...that the Manual of Style is a guideline and not a policy. Policies are mandatory and must be followed by all Wikipedia editors under every circusmstance. Guidelines, on the other hand, are merely advisory in nature. Ignore all rules is, on the other hand, a core policy of Wikipedia. On several occassions over the years the Arbitration Committee has spoken out strongly against edit warring in support of MOS, since not following MOS does not violate any Wikipedia policy. Please do not take that path. Thanks. BMK (talk) 21:35, 31 May 2016 (UTC)

Reply at User talk:Beyond My KenAnomalocaris (talk) 17:32, 1 June 2016 (UTC)

Help[edit]

Could you please approve of my pending edit on Demagogue? — Preceding unsigned comment added by 2601:982:8200:4790:25F1:4ADB:C245:1288 (talk) 07:37, 1 June 2016 (UTC)

Please be aware...[edit]

...of the following section of WP:HARASSMENT:

Wikihounding is the singling out of one or more editors ... with an apparent aim of creating irritation, annoyance or distress to the other editor. Wikihounding usually involves following the target from place to place on Wikipedia.

Many users track other users' edits, although usually for collegial or administrative purposes. This should always be done carefully, and with good cause, to avoid raising the suspicion that an editor's contributions are being followed to cause them distress, or out of revenge for a perceived slight.

Considering that we just had a dispute over Flatiron, and that I have recently brought John Randel Jr. from 2,397 bytes to 7,386 bytes, it is extremely difficult for me to see your recent edit to the latter, making the same kinds of changes you made to the former, which I objected to, as anything but a deliberate attempt at Wikihounding. If you continue this behavior, I will being it to the attention of an administrator for adjudication. I suggest to avoid a block, you reconsider your choice. BMK (talk) 17:42, 1 June 2016 (UTC)

P.S. Please do not reply on my talk page as, of this time, you are banned from posting comments on my talk page, unless, of course, you are required to by Wikipedia policy. If you are required to post a notice on my talk page, please clearly indicate in the edit summary what policy you are doing so under. Any other posted comments will be deleted without being read.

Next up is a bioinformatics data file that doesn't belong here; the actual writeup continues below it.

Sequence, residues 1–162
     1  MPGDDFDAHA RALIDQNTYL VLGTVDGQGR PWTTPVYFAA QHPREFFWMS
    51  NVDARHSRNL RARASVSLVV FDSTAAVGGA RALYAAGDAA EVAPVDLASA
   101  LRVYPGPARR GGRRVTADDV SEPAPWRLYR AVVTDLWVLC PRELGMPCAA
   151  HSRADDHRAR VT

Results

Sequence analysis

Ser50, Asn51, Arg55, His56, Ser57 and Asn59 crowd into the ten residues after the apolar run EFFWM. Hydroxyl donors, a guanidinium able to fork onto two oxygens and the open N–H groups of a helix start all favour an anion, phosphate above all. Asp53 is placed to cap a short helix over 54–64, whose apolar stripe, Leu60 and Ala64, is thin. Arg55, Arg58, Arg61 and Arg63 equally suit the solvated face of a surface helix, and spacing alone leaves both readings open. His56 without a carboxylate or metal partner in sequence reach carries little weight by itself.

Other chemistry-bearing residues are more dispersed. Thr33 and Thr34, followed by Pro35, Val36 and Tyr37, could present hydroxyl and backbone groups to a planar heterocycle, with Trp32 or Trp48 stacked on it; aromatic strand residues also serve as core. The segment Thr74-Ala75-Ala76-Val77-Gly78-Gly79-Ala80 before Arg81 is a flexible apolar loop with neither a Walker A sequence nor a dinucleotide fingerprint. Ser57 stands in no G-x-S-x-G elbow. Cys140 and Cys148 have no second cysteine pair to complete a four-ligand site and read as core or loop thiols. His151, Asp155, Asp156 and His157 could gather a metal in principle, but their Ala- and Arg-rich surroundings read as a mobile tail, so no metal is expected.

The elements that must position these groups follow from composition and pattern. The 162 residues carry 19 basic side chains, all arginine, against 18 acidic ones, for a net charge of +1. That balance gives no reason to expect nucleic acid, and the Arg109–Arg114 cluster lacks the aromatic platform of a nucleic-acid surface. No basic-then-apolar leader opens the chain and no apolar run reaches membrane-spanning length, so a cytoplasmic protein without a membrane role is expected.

Please note that this ban also applies to pinging me. Thanks. BMK (talk) 17:43, 1 June 2016 (UTC)
It is generally considered a very serious violation of WP:CIVILITY for someone to post to another editor's user talk page after being told directly to not do so. It would still be allowed for discussion to continue elsewhere, like at the talk page of the relevant article, or some relevant wikipedia space location, so the ban would not in any way necessarily preclude reasonable, useful discussion of the matters in question, but not at that user's personal user talk page. John Carter (talk) 20:43, 16 June 2016 (UTC)
John Carter: Even if "BMK is more or less perfectly within his rights to request that others not post to his user talk page, or ping him," there is an actual problem I brought forth. While there is no dispute that BMK makes many valuable contributions to Wikipedia, BMK also repeatedly detracts from Wikipedia by using profanity, making threats, and intimidating other editors. As I noted at AN/I, Wikipedia:Keep off my talk page! says "It may be the case that the demand to keep off could be used as evidence of unreasonableness or incivility. This might especially be true if such demands are made often, made rapidly after a first encounter with an editor, or made in response to actions that cannot objectively reasonably be considered offensive." The elements, connected by "or", are
  1. such demands are made often
  2. made rapidly after a first encounter with an editor
  3. made in response to actions that cannot objectively reasonably be considered offensive.
The Rambling Man helpfully stated that condition 1 was met. I showed the record establishing condition 2. I claimed that condition 3 was also met, but that is necessarily an opinion. You did read User talk:Beyond My Ken#Please take note..., didn't you? I hope you agree that it "cannot objectively reasonably be considered offensive". So I believe that all three conditions for unreasonableness or incivility are met, and only one condition is required. BMK is a great editor, but also one with problematic behavior. It takes courage to stand up, do the research, and show when lines are crossed. So when someone has the courage to do that, it's an opportunity to say, "BMK, we encourage you to avoid bans on your user talk page rapidly after a first encounter or in response to non-offensive postings; we urge you to WP:Assume good faith in deciding if a posting is offensive; and we suggest that you avoid profanity and gangland-style threats." I hope that I am wrong, but I predict that BMK will continue to occasionally fail to WP:Assume good faith, will continue to occasionally intimidate other editors, and will continue to occasionally use highly inappropriate language on user talk pages, including the user talk pages of newbie editors. Other editors will be stressed, because nobody had the courage to put a metaphorical hand on BMK's shoulder and say, "can't you please try to get along a little better?" Have a nice day. —Anomalocaris (talk) 00:24, 17 June 2016 (UTC)